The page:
Renovations require the removal of a historic chandelier from Bogota’s Colon theater, causing concern for preservationists and theatergoers.
The uproar regarding the renovations was so great that the Cultural Minister issued a response on Tuesday.
Of particular concern to Bogota’s theater community is a baroque style chandelier, which was given as a gift to the Colon theater during the Pan-American Conference of 1948.
The German restoration firm that was hired to perform a $2.5 million restoration of the Colon Theater removed the chandelier because its weight was deteriorating an Italian fresco on the surrounding ceiling.
The chandelier was temporarily transferred to a theater in the city of Arauca so that the restoration experts could continue their work.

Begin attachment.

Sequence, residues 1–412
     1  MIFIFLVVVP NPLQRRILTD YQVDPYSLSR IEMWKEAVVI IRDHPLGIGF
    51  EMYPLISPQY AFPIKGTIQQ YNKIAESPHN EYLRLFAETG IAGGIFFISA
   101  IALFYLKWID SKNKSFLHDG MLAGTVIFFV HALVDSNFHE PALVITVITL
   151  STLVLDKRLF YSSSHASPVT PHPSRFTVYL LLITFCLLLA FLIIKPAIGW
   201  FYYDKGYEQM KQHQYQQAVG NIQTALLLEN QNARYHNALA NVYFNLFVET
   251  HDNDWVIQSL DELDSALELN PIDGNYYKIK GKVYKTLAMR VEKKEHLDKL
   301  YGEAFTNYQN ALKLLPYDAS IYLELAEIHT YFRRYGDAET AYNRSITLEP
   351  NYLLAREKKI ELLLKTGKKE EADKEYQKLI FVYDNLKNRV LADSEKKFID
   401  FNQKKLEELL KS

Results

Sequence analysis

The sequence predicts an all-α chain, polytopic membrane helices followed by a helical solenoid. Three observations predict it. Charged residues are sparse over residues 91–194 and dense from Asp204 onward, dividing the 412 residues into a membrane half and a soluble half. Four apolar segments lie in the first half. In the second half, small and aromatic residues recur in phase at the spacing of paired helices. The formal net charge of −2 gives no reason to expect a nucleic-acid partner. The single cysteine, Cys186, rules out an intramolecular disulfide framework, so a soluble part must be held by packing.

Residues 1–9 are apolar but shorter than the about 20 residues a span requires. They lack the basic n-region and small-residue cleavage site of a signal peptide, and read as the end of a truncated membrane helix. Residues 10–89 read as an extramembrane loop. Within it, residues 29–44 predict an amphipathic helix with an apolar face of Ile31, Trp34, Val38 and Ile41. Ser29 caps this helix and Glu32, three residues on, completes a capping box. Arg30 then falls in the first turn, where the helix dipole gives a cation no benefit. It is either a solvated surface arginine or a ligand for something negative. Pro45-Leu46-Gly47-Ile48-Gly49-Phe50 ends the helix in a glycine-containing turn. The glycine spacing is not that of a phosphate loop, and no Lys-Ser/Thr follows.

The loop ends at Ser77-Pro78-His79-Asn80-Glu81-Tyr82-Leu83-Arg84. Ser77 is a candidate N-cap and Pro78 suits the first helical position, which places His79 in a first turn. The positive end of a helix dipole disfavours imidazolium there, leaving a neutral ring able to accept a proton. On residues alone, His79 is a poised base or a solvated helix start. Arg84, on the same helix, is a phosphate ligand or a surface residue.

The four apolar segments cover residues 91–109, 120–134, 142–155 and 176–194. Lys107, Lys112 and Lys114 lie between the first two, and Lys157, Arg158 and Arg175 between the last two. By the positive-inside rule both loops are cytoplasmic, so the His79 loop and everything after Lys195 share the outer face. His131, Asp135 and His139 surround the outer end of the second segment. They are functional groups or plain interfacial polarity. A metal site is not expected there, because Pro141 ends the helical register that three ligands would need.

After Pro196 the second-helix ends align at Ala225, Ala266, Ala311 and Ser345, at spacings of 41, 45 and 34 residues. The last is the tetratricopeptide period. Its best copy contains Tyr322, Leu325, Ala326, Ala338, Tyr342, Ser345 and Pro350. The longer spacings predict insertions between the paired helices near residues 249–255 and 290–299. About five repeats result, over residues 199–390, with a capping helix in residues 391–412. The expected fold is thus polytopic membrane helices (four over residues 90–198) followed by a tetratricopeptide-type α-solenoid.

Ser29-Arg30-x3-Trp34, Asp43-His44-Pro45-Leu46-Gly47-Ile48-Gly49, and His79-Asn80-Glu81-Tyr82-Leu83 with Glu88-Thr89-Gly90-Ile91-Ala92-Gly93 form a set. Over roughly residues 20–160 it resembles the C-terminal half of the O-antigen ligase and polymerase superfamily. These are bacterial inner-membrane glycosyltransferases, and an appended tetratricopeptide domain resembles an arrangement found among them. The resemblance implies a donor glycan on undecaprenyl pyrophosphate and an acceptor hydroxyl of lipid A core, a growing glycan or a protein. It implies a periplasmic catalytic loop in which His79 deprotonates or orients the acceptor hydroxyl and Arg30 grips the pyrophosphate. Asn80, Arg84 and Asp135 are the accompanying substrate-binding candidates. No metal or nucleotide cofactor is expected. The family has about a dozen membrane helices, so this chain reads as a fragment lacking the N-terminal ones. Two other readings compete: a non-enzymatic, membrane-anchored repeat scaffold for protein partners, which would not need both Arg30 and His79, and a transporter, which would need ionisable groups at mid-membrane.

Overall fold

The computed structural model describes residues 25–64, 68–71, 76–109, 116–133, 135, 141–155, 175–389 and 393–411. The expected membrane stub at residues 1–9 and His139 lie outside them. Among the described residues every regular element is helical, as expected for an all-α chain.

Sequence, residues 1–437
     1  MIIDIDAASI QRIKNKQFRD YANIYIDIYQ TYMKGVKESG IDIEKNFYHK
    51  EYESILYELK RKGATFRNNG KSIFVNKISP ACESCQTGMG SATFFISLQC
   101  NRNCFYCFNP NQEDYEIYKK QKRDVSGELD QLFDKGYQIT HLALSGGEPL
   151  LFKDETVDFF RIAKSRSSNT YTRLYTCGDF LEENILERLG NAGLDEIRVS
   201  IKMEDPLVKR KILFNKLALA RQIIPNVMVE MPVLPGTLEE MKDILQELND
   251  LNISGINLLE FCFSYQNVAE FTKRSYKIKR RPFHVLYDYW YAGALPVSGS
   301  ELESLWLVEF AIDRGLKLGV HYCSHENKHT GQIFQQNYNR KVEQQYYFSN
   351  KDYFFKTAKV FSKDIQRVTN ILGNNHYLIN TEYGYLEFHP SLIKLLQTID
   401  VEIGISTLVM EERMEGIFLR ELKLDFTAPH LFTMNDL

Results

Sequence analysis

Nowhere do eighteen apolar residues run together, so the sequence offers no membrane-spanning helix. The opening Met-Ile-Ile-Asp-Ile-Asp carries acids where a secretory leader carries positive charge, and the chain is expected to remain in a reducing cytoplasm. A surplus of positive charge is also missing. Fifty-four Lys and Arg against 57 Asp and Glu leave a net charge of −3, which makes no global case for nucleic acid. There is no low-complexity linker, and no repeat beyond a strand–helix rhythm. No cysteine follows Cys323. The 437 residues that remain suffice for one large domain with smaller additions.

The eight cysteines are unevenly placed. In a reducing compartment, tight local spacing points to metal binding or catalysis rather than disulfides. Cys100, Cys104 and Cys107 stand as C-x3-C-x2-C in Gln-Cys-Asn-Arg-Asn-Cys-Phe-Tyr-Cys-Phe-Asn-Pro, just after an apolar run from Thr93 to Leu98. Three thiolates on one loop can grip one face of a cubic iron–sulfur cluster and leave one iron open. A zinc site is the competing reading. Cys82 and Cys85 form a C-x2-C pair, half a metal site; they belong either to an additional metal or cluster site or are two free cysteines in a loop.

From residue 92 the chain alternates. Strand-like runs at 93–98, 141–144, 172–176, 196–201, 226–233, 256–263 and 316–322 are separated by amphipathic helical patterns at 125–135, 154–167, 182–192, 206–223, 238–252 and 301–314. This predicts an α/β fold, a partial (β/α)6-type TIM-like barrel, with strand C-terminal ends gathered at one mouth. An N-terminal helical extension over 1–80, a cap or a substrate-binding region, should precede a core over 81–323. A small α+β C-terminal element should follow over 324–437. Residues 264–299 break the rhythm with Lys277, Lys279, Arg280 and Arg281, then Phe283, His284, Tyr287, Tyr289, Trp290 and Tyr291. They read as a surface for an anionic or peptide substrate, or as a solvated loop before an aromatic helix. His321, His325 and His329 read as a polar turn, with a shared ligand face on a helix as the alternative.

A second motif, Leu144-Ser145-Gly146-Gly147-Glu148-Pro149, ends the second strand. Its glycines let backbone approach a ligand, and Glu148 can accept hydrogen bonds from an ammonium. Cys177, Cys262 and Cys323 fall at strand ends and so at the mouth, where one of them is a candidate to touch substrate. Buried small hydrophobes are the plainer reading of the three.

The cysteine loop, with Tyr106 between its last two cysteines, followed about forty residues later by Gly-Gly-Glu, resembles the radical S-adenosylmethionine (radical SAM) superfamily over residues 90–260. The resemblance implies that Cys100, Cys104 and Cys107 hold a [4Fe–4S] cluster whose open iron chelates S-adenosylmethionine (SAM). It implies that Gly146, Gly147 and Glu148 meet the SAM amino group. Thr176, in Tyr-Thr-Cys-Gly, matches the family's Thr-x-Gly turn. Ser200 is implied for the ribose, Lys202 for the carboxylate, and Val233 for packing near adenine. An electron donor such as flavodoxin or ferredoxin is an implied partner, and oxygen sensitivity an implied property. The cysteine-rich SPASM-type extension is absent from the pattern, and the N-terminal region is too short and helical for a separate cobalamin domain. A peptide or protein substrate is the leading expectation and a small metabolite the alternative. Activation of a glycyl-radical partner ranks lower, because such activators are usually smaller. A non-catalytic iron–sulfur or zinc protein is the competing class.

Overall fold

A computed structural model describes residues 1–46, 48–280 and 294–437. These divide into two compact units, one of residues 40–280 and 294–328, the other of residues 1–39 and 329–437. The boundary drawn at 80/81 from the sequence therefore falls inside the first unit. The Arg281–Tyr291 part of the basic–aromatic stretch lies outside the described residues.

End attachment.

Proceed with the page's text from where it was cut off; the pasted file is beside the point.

Colombia’s Cultural Minister explained to newspaper El Tiempo that they “are legally obliged to put the lamp on a free transfer process,” although some preservationists question whether the transfer of the chandelier was necessary.
Architect Emilio Sanmiguel told El Tiempo that there is no valid reason to remove the lamp, saying “If the roof resisted the weight since 1948, why won’t it now? I think this shows the incompetence of the restorers.”
The former cultural minister, Elvira Cuervo, also said that “the biggest surprise is that the [chandelier] has been dismantled and it is going where no one will see it.” The ex-minister continued, “In Arauca there are some privileged people and I congratulate them, but there were more significant sites where to put [the chandelier], like the Palacio de San Carlos, the Congress, the Palace of Justice. Removing it from the Colon Theater was never in the original plans.”
The Cultural Ministry has asked the mayor of Arauca to sign a liability policy. If the mayor does not agree to the preservation requirements, then the chandelier will be returned to Bogota and placed in the National Capital building.